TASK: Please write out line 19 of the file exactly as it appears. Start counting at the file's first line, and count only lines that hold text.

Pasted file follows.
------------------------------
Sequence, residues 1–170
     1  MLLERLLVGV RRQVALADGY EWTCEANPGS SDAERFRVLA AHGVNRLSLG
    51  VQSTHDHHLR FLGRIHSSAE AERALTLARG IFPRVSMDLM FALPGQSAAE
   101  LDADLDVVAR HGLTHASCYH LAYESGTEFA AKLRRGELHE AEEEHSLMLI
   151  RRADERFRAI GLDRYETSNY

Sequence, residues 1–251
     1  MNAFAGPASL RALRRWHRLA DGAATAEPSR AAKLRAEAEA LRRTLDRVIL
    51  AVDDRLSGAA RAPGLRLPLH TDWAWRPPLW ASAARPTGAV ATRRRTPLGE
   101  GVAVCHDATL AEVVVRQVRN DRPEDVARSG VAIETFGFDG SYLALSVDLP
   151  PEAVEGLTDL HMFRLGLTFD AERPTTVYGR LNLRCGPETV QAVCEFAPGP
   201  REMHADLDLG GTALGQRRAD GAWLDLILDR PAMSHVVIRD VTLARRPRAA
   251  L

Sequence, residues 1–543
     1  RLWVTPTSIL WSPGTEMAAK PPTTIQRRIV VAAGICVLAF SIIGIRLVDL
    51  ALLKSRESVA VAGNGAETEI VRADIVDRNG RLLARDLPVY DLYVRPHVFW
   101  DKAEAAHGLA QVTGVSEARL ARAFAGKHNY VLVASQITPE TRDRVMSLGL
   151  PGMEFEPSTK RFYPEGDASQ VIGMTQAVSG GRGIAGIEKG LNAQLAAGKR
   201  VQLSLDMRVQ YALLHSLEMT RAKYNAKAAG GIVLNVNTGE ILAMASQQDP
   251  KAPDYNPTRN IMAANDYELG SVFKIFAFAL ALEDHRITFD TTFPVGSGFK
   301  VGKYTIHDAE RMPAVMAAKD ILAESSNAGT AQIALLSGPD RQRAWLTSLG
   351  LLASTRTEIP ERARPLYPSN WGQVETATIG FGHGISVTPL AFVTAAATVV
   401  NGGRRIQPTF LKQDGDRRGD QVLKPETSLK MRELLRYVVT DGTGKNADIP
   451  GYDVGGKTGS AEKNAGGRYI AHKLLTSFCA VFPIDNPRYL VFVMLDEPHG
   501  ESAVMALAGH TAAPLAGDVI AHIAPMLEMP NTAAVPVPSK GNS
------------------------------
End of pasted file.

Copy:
   251  KAPDYNPTRN IMAANDYELG SVFKIFAFAL ALEDHRITFD TTFPVGSGFK